The Boston Red Sox struggled with injuries to many of their key players during the 2008 season, and it became more evident towards the late months and into the playoffs. Fantasy baseball managers are likely wondering what to expect from the roto stalwarts in Beantown. Here is a rundown:
Mike Lowell, 3B
Lowell was a key reason why the Sox even made it to the postseason. He battled through a treacherous second half of the season on an ailing right hip that was seemingly getting worse as time went on. He recently had a right hip arthroscopy, and the news was mostly good, as the surgeon did not have to do as much work as originally anticipated. Lowell will be back to Spring Training on time, more than likely. See my writeup on Lowell’s hip surgery over at The DL Informer.
AL-only owners can rest assured that he will be a productive third baseman for fantasy purposes, while mixed leaguers probably won’t want to have him as their starting 3B. A solid utility player is the most likely scenario for mixed leagues, with a solid average, a respectable but nowhere near eye-popping power game, and helpful RBI totals.
Josh Beckett, SP
I was at both games in Tampa when Beckett pitched, and he clearly was a mere shell of what he is capable of. He would touch 93 on occasion with his fastball, but he mostly sat in the 89-90 range—clearly not Beckett-esque. The drop in velocity was due to a strained Oblique, but the bigger question remains: How will his elbow hold up in ’09 and beyond?
Remember, this was the mystery injury he dealt with in mid-season where his pitching hand would go numb on the 4th and 5th digits of his hand (pinky and ring finger). Where there is smoke, there is fire. This has all the signs of a brewing elbow pathology at the medial (inner) elbow—particularly to the Ulnar nerve. Buyer beware in 2009. I am cautiously putting his games started total at 24.
David Ortiz, 1B/DH
Anyone who has watched David Ortiz over the past few seasons knows that even after he returned from the DL following lengthy immobilization of his left wrist (due to a tendon sheath tear), he was nowhere near to playing like himself. He undoubtedly was playing hurt all season long, or at the very least, he was guarding the wrist and thinking about it constantly.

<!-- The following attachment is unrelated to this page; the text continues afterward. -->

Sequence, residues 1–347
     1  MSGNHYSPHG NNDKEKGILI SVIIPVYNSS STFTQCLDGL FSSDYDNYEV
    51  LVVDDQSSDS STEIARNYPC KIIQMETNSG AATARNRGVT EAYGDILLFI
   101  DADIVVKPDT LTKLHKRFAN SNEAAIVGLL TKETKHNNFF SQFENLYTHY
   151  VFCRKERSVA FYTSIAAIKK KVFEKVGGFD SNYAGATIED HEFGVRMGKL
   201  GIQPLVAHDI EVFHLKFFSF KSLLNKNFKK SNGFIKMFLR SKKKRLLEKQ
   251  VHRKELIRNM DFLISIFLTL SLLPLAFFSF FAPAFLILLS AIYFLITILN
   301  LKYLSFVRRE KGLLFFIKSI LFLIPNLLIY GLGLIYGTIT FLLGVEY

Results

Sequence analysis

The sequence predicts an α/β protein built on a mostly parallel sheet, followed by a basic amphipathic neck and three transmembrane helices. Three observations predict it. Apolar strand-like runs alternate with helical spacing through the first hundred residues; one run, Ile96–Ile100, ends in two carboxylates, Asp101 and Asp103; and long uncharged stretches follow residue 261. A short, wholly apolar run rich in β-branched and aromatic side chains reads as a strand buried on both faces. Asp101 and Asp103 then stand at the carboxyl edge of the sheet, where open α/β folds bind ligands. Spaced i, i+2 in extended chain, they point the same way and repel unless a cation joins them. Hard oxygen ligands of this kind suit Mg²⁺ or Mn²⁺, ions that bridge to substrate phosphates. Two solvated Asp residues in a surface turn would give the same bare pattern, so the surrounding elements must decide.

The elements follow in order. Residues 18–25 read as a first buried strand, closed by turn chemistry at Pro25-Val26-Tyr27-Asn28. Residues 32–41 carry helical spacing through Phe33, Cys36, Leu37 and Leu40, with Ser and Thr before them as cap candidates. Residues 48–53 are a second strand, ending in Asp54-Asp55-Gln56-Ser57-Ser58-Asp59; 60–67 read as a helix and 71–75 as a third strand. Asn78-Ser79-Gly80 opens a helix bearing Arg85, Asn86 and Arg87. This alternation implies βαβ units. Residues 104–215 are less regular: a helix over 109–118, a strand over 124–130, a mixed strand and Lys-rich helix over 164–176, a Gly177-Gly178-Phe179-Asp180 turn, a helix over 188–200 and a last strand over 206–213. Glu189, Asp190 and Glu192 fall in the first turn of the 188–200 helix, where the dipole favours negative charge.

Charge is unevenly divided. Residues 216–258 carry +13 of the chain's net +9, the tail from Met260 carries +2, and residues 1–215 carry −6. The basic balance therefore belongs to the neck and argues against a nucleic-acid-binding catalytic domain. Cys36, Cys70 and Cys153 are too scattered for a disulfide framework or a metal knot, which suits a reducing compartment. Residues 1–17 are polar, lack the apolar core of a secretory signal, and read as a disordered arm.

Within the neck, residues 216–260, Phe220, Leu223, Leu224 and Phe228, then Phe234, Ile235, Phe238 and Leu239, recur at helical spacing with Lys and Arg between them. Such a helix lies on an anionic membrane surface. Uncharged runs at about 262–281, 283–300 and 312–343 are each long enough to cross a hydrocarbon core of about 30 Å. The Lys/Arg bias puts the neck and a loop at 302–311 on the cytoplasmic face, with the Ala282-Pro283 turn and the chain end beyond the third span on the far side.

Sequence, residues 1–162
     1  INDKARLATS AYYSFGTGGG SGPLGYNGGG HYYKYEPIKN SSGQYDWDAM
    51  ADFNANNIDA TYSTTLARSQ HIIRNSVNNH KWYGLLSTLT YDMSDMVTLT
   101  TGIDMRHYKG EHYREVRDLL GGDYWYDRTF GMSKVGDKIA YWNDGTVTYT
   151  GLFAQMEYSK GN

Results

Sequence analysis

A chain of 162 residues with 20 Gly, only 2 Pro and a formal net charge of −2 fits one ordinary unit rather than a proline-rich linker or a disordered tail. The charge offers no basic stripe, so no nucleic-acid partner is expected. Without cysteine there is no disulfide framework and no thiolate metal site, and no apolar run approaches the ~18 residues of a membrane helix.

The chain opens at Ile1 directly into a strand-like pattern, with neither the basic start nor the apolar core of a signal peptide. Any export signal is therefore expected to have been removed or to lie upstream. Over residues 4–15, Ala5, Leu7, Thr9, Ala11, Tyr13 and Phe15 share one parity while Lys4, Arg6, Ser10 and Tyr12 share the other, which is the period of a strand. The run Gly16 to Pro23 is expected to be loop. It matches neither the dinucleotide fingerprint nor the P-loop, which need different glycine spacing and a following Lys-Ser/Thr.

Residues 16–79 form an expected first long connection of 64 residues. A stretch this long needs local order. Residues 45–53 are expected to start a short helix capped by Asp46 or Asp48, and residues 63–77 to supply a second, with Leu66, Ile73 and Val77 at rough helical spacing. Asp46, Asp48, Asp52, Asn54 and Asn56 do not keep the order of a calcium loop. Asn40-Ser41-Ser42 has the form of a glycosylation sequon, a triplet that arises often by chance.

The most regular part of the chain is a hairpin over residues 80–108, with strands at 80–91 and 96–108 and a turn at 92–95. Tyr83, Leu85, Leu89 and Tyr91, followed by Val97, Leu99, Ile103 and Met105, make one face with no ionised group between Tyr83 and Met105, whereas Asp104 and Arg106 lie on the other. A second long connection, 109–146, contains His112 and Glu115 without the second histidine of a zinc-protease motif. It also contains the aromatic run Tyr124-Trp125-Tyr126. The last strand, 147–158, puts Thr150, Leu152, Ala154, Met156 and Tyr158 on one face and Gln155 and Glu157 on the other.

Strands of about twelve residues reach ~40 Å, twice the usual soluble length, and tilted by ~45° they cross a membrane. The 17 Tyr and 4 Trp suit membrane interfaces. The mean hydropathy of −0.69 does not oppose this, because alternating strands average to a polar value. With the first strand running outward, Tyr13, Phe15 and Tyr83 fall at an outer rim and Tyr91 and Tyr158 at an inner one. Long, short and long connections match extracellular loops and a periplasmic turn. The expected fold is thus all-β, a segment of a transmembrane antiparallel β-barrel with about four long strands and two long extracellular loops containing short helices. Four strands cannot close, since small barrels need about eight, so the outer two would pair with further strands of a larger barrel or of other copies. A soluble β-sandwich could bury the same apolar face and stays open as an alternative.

This was never more apparent than during the postseason, where he was downright terrible. His swing was slow, awkward, and he never had that killer look in his eye. Yeah, you know the one I’m talking about. Sure, he hit a mammoth, game-changing home run in the comeback of Game 5, but that was about all Papi could muster.
The long off-season is exactly what he needs, and I would expect a much different David Ortiz in 2009—not the Papi of 2004, but 25-30 HR sounds about right with an average in the .280s. Don’t think that this is going to be a Travis Hafner-type falloff, because it won’t be. Papi is that good, and if he is healthy, he will rebound nicely. Mixed leaguers will want to avoid him in the first round, but late 2nd, early 3rd sounds good. Watch the results of some expert drafts or mock drafts to see if he is being taken even later.
A rotator cuff strain back in late May kept him on the shelf for a few weeks, though he rebounded nicely after some time off and rehabilitation and managed to put together a solid season for the Sox. I would expect him and Jon Lester to anchor the staff next season, and I would not hesitate to have him as my #2 SP in mixed leagues, or a #1 SP in AL-only.
Jed Lowrie, SS
He was apparently playing with a broken left wrist—albeit a non-displaced fracture—since early in the season (May). He slumped horribly down the stretch, and was virtually useless against most left-handers he faced. This is not a situation to worry about for ’09, but please realize that this is a guy who will never hit for power. Think of him as a David Eckstein-like player when you are setting your draft tiers next season.